Drugs

For the first time ever, opioids are killing more people in Franklin County than vehicle crashes.

As of the beginning of November, the Multi-County Narcotics Task Force has investigated 15 deaths related to opiates and 21 additional nonfatal opioid overdoses.

During the same period of time the Missouri Department of Transportation reports 13 fatal traffic crashes countywide.

Sheriff Steve Pelton said the only way to reduce these numbers is to take a strong law enforcement stance and get families and the community involved.

“Since Jan. 1, we’ve had 36 overdoses,” Pelton said. “Fifteen were fatal and 21 were nondeaths. We are administering Narcan about once a month.”

In addition to overdoses, cases of possession, stealing and theft are on the rise in the county as drug users are committing more crimes to support their habits.

Pelton said the ultimate goal of law enforcement is to save lives and his deputies can’t do it alone.

“Heroin is killing people,” Pelton said. “If you see something, say something, even if it means getting law enforcement involved. Rock bottom is different for everybody. We want to see people survive these addictions.”

Pelton added heroin laced with fentanyl is the No. 1 drug his deputies are seeing on the streets right now and it is also the deadliest.

“Some of the overdoses we see are first-time users,” Pelton said. “And others are longtime users but the amount they need gets larger and larger. They are buying and using this stuff and they have no idea what’s in it or how strong it is.”

Everywhere

The reported deaths have come from all corners of the county with 60 percent of the deaths occurring in Washington, Union and St. Clair.

St. Clair Police Chief Bill Hammack says his department has responded to 20 opioid-related overdoses in 2017 with three fatalities.

Union Police Chief Norman Brune reports 25 opiate overdoses, also with three fatalities.

Washington Detective Sgt. Steve Sitzes also reported three opiate-related deaths, but because of their call recording system they could not give the total overdose responses.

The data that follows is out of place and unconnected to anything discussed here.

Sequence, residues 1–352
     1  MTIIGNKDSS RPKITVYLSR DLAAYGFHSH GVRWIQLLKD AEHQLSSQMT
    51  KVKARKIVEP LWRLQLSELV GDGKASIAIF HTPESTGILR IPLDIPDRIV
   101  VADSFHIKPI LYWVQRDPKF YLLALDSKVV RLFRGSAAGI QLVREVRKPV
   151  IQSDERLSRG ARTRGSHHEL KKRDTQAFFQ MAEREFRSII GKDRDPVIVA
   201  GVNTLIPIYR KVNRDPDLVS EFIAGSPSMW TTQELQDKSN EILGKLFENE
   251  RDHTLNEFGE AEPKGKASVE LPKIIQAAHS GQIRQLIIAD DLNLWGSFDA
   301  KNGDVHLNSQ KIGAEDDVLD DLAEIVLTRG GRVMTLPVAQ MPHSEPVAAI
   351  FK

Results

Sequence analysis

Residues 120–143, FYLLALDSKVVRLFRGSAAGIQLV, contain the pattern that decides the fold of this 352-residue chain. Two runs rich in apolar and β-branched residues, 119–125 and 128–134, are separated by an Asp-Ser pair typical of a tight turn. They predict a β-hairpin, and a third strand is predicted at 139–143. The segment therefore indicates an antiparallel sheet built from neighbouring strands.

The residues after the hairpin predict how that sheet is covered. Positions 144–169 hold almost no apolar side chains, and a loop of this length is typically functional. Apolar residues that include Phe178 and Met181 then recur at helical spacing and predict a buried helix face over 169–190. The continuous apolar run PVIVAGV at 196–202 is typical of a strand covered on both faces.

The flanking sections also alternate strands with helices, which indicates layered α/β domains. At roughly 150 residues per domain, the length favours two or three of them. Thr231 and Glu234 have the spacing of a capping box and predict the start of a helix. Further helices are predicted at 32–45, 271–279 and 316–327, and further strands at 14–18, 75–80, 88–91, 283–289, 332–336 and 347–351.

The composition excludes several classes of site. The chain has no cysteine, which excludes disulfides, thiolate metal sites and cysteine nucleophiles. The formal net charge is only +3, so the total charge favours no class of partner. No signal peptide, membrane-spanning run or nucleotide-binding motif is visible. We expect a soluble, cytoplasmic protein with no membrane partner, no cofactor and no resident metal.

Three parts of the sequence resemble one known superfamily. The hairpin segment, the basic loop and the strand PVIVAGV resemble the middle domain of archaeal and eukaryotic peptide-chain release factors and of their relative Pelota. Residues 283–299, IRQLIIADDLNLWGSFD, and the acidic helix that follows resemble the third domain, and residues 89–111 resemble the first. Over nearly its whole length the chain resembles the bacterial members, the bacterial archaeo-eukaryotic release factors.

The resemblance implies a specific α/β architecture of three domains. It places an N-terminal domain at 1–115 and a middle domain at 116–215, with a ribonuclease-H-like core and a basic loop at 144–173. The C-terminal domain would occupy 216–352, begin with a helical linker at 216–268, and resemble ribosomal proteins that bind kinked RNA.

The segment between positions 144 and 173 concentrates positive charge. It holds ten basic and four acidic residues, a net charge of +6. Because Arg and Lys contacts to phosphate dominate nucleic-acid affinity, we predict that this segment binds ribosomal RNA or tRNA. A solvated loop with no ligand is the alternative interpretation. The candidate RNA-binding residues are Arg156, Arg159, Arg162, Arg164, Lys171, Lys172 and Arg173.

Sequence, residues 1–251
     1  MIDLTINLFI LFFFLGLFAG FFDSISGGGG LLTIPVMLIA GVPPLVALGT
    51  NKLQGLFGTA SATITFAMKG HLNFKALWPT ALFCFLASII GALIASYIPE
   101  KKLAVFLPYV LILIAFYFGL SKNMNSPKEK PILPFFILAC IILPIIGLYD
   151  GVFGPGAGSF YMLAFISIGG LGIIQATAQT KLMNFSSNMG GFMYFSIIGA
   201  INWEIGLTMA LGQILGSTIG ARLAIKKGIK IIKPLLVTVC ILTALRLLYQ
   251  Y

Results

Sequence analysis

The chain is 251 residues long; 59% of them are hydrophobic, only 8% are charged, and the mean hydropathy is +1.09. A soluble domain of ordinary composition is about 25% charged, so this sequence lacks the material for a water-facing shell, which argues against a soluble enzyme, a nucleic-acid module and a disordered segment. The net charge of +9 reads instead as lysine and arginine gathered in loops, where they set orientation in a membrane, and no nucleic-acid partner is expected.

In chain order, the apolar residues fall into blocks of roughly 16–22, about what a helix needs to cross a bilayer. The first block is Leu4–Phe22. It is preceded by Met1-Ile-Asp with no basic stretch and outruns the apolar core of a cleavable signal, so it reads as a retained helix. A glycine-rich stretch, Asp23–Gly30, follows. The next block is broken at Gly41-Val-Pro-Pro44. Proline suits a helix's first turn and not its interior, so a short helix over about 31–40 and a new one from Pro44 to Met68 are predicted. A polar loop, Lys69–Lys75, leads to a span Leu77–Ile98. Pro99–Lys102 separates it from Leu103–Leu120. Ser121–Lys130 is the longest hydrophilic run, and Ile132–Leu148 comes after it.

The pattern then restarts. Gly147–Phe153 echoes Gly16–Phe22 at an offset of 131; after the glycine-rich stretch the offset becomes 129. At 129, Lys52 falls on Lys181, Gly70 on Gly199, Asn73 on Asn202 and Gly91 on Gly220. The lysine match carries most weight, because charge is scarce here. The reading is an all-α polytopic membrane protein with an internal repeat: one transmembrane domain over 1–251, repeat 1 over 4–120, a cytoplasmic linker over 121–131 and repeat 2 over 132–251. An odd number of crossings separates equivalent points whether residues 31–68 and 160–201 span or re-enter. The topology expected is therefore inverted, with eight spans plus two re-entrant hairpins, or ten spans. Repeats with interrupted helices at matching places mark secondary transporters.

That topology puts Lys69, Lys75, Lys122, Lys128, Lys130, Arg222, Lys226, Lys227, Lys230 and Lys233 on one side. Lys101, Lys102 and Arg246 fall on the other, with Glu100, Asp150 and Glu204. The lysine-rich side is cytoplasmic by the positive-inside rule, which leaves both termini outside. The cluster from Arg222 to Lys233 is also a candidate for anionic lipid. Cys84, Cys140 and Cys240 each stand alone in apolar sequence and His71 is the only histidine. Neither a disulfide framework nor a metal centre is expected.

Pacific Police Chief Matt Mansell says his officers have prevented the death of four heroin overdose victims in the past month with the new medication Narcan.

According to the Missouri Department of Health and Senior Services, between 2012 and 2016, 104 Franklin County residents died as a result of opiate overdoses.

The DHSS also reports 1,152 visits to emergency rooms in Franklin County due to opiate misuse between 2011 and 2015.

Fatal Crashes

As drug deaths increase, the number of fatal traffic crashes has actually decreased to 13 so far this year.

There were 17 fatal traffic crashes in 2016.

Pelton said although the holiday and winter season are a busy time for crashes, he feels fatal crashes won’t surpass the opiate deaths, which could still increase as well.

According to the latest three-year data from MoDOT, Franklin County ranks 11th out of 114 counties in Missouri for fatal crashes.

In 2017, neighboring Jefferson County has recorded 33 fatal crashes, St. Louis County has 72 and Warren County has only two with five weeks left in the year.

With traffic tickets increasing by 443 in 2017, deputies are focusing on hazard mitigating violations like excessive speeds and impaired drivers to limit the potential for fatalities.

Another rising area of concern and citations is for distracted drivers and their use of technology while driving.

Unfortunately, Pelton said there is really no specific geographic area where crashes occur and nothing law enforcement can do to eliminate them 100 percent.

Statewide

Thus far in 2017 there have been 763 fatal crashes in the state of Missouri and there were 812 total for 2016.

As of the end of August, DHSS has recorded 733 opiate deaths statewide with 908 total last year.

One out of every 66 deaths statewide was attributed to opioid-involved overdose.

Of these overdose deaths, 92.7 percent were accidental; the other 7.3 percent were classified as suicide.

“Missouri is right in the middle, ranked 26th,” Pelton said. “Until we can get a hold on this crisis across the nation, it is going to be a problem.”